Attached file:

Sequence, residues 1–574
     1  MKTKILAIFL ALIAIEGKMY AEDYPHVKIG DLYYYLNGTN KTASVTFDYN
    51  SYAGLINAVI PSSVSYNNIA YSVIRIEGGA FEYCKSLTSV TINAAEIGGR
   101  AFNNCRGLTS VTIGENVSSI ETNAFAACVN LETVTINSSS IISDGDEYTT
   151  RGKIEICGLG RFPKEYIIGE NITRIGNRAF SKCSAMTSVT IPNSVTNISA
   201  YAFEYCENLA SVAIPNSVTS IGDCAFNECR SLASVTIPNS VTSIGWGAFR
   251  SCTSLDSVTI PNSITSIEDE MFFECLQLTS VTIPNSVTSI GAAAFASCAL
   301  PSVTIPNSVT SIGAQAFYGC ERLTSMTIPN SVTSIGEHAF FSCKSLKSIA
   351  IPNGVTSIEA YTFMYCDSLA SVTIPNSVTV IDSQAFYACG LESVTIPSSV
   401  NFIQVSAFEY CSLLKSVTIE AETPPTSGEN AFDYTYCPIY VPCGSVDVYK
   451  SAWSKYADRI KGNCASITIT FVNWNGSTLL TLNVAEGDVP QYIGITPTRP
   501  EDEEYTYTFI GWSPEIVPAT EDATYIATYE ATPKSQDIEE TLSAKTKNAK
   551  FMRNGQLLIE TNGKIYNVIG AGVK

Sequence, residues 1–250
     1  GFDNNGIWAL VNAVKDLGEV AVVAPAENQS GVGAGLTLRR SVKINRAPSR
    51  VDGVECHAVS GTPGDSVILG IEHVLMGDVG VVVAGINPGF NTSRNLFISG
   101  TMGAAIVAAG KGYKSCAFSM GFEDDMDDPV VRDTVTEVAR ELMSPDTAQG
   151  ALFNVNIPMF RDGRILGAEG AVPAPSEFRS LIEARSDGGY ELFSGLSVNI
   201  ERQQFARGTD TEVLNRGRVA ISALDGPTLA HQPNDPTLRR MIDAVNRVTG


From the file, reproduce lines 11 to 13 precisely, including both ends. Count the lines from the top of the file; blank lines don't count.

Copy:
   451  SAWSKYADRI KGNCASITIT FVNWNGSTLL TLNVAEGDVP QYIGITPTRP
   501  EDEEYTYTFI GWSPEIVPAT EDATYIATYE ATPKSQDIEE TLSAKTKNAK
   551  FMRNGQLLIE TNGKIYNVIG AGVK